The constant fighting and bickering that goes on between mobile platforms – both by their creators, partner manufacturers and even die-hard fanboys – is easily one of the most over-exacerbated fights in history. Not a single aspect of the phones, from hardware design to quality of content in their respective application stores (even lock screens) goes unmentioned in the pitting of mobile platforms against one another. Time and time again, one person after another tries to settle the score once and for all: which operating system is the best?
Of course, answering that question is impossible, but it doesn't keep people from trying.
Of all the capabilities of a smartphone, one of the most important aspects is the browser. It's what makes your smartphone more ... well, smart and PC-like. Instead of the mobile browsers of yesteryear, they are now capable of desktop-like rendering and are faster and better in almost every way. In normal fashion though, HTML5 framework development house, Sencha, put both Android and iOS to the test to find which has the best browser.
(For the full report from Sencha, check out their website here.)
For a developer, Safari on iOS should offer better performance. The differences in performance between the browser in iOS or Android for the average consumer, however, are much harder to put to the test. Every person has different preferences and needs in a mobile browser, thus what may be perfect for you might not be for me.
So which do I find to be the best?
For me, there is a clear-cut winner, and the most important feature doesn't even boil down to software. Most Android phones come with a much larger display than the iPhone. Simply put, I have to scroll, pan and zoom less. Browsing on the Galaxy Nexus' 4.65-inch 720p display has been a dream.
But say we're talking tablets and size isn't an issue. Then what? Android still takes the cake. Android has spoiled me with text-wrapping. Zooming in on some text and having to pan left and right to read everything in a line is probably one of the most nerve-wracking things about a mobile browser. I would say it's a necessary evil that goes hand in hand with having a pocket-sized computer. But with Android, when you zoom in on text, (most of the time) the text adjusts to fit the display. Other features like sharing a Web site with literally any application or being able to search for words within a specific page make the Android browser irreplaceable.
Another feature that has been added to the stock browser in Ice Cream Sandwich is the ability to request the desktop site. There is nothing I hate more in a mobile web browser than a mobile site (that is, if you can even tell it's a mobile site). Most Web pages that default to mobile sites offer a link at the bottom of the page that allows you to switch to the full site. However, there are numerous sites that I visit often where the "Full Site" link at the bottom of the page does absolutely nothing. Some don't even have a link to revert to the desktop view. In Ice Cream Sandwich, simply open Settings and check "Request desktop site." I have only ran into on site that it didn't work on. Having this option in the settings menu, always in the same exact spot, versus having to track down the link to revert on the site (if they even have the link) is fantastic and makes my life easier.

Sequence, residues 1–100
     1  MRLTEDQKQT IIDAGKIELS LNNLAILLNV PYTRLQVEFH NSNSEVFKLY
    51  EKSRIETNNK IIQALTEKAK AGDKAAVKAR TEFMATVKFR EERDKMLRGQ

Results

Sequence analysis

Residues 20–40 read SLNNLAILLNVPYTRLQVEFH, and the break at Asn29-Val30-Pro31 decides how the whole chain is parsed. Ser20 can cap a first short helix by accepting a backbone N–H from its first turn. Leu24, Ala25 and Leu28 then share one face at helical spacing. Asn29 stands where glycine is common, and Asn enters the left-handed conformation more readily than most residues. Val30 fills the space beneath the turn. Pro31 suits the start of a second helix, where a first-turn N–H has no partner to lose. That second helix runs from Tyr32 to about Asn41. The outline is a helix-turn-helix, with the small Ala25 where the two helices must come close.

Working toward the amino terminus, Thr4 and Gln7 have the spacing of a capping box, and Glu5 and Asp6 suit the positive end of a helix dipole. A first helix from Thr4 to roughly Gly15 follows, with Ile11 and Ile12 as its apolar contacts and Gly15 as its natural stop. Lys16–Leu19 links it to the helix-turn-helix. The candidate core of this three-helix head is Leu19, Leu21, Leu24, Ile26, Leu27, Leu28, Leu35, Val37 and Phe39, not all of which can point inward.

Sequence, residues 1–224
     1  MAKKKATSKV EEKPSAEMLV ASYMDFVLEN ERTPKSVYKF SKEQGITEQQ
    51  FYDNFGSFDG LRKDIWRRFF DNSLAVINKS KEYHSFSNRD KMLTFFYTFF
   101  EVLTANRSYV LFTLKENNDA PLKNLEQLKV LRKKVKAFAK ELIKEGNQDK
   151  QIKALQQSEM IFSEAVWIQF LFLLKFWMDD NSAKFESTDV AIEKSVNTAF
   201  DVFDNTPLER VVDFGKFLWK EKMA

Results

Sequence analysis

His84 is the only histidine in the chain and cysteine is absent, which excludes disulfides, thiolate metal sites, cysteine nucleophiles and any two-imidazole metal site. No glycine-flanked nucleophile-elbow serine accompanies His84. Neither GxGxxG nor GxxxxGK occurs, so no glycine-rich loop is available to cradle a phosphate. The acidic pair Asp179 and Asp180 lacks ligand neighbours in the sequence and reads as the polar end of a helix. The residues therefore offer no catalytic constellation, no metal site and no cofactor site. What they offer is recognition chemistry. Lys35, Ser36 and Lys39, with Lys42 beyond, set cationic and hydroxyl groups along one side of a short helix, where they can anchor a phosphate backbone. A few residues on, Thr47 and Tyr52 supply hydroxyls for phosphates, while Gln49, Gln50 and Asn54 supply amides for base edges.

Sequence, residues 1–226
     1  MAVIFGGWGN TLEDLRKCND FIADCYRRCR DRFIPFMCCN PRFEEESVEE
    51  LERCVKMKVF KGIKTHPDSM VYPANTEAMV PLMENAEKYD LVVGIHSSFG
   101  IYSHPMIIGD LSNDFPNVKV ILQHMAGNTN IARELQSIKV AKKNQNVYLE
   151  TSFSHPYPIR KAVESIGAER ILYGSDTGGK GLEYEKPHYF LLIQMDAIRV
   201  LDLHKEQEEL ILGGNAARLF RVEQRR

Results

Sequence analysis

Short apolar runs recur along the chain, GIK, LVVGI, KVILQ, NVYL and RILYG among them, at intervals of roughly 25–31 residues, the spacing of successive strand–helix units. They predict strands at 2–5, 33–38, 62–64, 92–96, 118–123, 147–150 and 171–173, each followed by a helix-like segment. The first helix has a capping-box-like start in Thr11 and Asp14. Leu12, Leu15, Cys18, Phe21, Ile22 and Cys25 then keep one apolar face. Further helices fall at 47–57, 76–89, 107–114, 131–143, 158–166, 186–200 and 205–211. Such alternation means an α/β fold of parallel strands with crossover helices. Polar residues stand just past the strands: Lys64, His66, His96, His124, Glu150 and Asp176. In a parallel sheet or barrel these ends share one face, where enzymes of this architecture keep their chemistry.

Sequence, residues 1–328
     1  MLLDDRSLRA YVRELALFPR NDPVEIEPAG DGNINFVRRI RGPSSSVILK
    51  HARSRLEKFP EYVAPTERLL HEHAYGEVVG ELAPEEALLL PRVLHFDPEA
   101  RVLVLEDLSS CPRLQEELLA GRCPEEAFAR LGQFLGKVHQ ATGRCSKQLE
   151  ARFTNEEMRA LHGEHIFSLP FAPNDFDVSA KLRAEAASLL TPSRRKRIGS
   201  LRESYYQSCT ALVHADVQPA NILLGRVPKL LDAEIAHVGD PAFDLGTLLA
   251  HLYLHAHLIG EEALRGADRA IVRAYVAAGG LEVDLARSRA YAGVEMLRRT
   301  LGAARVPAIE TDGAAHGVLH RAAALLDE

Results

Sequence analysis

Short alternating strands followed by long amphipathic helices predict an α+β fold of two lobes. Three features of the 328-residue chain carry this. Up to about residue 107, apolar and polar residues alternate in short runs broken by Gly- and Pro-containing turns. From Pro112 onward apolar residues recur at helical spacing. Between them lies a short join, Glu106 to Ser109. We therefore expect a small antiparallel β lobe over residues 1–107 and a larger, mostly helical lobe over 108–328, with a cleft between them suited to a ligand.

(A screen shot of Quick controls on the Galaxy Tab 10.1 with TouchWiz UX.)
Lastly, quick controls and full screen. The iOS browser has a navigation bar at the bottom of the display at all times with back, forward, share, bookmarks and tabs buttons. In Android 3.0 and up, there is a sub-menu in the Settings called Labs. In different versions of Android, Labs has different options. In 4.0, there are two: Quick controls and Fullscreen. Both of these options ensure you can squeeze every last pixel out of your display when browsing. Instead of displaying the address bar at the top of the page at all times, you can activate it by a quick swipe of the finger from the side edges in, which gives you all of your browser controls in a radial pattern. It's quick, easy and removes unnecessary obstructions from the already-small display.
The winner for me is clear. It doesn't come down to rendering, speed, checkerboarding (or lack thereof) or how smooth pinch zooming is. It's about being packed to the brim with features and making the browsing experience from a small device that much easier to cope with. You guys, on the other hand, may disagree. Tell me, which mobile platform has the best browser? You're not limited to just Android or iOS; other platforms have great browsers, too. Take our poll and sound off in the comments below!